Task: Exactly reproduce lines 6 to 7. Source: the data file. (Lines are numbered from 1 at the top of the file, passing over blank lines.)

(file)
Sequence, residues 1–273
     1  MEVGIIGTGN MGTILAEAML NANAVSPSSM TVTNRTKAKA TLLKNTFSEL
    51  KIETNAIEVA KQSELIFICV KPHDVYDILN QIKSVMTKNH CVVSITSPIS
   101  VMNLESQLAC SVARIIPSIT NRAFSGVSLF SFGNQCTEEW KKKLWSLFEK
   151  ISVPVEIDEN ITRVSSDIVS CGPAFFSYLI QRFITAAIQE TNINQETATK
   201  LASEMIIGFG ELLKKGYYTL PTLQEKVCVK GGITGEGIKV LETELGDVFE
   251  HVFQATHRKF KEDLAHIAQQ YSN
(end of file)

   201  LASEMIIGFG ELLKKGYYTL PTLQEKVCVK GGITGEGIKV LETELGDVFE
   251  HVFQATHRKF KEDLAHIAQQ YSN